Dec. 15 Ukiah workshop needs big turnout online or better yet, in person!


890 N Bush St, Ukiah, CA 95482

For everyone who can't make it to Ukiah on Tue. Dec. 15 from 1pm-4pm, the workshop will be webcast!

To join, call in on the conference line (for audio) or click on the "Join WebEx Meeting" link below:

Join WebEx meeting

Meeting number: Meeting number: 748 679 107

To join by phone:

Call-in toll-free number (Verizon): 1-(888) 201-4946 (US)

Call-in number (Verizon): 1-(203) 280-8446 (US)

Attendee access code: 838 674 9

Some points to help you formulate your comments:

  • The most glaring loophole in California’s regulation of logging practices has been the lack of a system for measuring logging’s comprehensive, watershed-scale environmental effects. Such a system was supposed to be installed when the state’s Forest Practice Act became law in 1973.
  • The revenue stream provided by A.B. 1492 finally means that a way of measuring and regulating comprehensive environmental effects from logging can become reality.
  • The pilot projects under discussion at this workshop are the starting point for measuring cumulative watershed effects from logging. The pilot projects must begin by documenting existing, on-the-ground conditions in the forest. That’s why we call them “foundational” pilot projects. On page one, paragraph two, of the Revised Public Review Draft dated Dec. 2, 2015, the leading bullet point describing “specific substantive areas to be addressed by the pilot projects” should be: “Forest condition description and remedial measures as appropriate."
  • Steadfast pressure applied by the public has finally resulted in the setting up of foundational pilot projects. Unfortunately, though, those projects could still be overseen by “the usual suspects”—timber industry-connected scientists and agency officials who have traditionally supported the logging companies. Urgently needed is actual participation in overseeing the pilot projects by a broad array of qualified public members, not just “input” and opportunities to comment. After all, the public is paying for the pilot projects! In the Revised Public Review Draft, commendably, the Pilot Project Working Groups are now described as “broad-based” but still only “provide opportunities for public participation.” This public participation must be clarified as a hands-on, fully participatory managerial role and not merely a chance for input. “Composition, establishment, and responsibilities” of the working groups should be spelled out and reasonable compensation set forth for public members.
  • It is good that the document now emphasizes using THP information as a key source for data. But the draft indicates that pilot project “products” will provide information from which restoration opportunities for terrestrial wildlife habitat can be identified, without making reference to restoring the overall forest character per se. This broader focus must be firmly established in the pilot projects’ stated purpose.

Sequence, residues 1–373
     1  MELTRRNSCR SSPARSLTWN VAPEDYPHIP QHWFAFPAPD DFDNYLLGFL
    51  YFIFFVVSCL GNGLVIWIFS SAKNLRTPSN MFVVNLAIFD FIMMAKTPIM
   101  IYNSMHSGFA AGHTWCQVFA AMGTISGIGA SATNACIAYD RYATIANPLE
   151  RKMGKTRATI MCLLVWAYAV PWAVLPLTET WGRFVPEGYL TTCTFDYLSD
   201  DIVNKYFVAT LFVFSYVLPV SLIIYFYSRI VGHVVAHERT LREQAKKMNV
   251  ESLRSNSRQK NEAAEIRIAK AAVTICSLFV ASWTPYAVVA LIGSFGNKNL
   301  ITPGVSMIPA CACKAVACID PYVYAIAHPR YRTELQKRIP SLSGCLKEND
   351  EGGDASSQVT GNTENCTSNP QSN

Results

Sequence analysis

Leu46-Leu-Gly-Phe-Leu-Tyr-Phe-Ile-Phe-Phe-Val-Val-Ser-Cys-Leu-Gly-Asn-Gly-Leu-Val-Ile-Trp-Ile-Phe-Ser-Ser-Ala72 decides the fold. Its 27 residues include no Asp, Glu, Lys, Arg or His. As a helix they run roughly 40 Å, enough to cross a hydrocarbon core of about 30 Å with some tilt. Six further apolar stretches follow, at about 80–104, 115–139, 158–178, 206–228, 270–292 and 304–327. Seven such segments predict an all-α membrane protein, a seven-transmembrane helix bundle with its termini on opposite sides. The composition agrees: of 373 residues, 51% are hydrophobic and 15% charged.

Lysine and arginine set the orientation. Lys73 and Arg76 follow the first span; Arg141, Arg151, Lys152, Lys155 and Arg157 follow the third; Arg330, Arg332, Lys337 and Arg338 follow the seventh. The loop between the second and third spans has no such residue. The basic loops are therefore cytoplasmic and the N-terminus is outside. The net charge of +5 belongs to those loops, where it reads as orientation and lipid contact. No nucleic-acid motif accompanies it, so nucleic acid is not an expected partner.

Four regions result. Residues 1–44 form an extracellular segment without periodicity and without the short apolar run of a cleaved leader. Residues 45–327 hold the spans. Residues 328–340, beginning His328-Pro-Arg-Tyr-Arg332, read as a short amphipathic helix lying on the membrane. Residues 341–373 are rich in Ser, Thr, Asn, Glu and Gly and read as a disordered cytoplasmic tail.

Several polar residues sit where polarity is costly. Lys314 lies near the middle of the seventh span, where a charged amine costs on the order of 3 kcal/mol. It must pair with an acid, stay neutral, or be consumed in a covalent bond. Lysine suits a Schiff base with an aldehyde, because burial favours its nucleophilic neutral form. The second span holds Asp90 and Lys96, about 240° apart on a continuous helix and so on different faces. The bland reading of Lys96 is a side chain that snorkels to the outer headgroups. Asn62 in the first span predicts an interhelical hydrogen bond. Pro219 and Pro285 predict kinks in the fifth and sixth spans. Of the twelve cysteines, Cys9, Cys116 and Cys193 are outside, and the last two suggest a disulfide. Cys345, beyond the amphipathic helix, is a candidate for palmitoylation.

• The pilot projects should not only be concerned with “efficiencies” of the regulatory process—figuring out ways to make timber harvest planning less costly and redundant. More important still, the pilot projects should evaluate and improve "ecological performance" of the regulatory process—that means doing a better job of keeping the air and water clean, protecting soils, safeguarding wildlife habitat, and other public trust values. We must have not only an efficient regulatory process but an effective one as well! The revised draft still overemphasizes use of funds in restoration grant programs, not in improved actions within THPs themselves. In other words, the revised draft would have the pilot projects treating the symptoms of forest damage, not the causes themselves!
  • The public and real representatives of the public and the public trust need to be involved at every level. No segregated advisory group process! The public and public reps need to be members of the teams actually carrying out the pilots. Otherwise, industry capture of the process will be the result. Further, this public participation can and must be funded!
  • We may never have another opportunity in our lifetimes to fundamentally reform logging practices in California. With the process now before us we have the rare convergence of a stated mandate for reform plus a revenue stream to pay for it!
  • Plan to attend the hearing in person or, if you can’t travel to Ukiah on Dec. 15, participate by webinar and speak up for the forests!

Forests Forever:
Their Ecology, Restoration, and Protection
John J. Berger

from Forests Forever Foundation
and the Center for American Places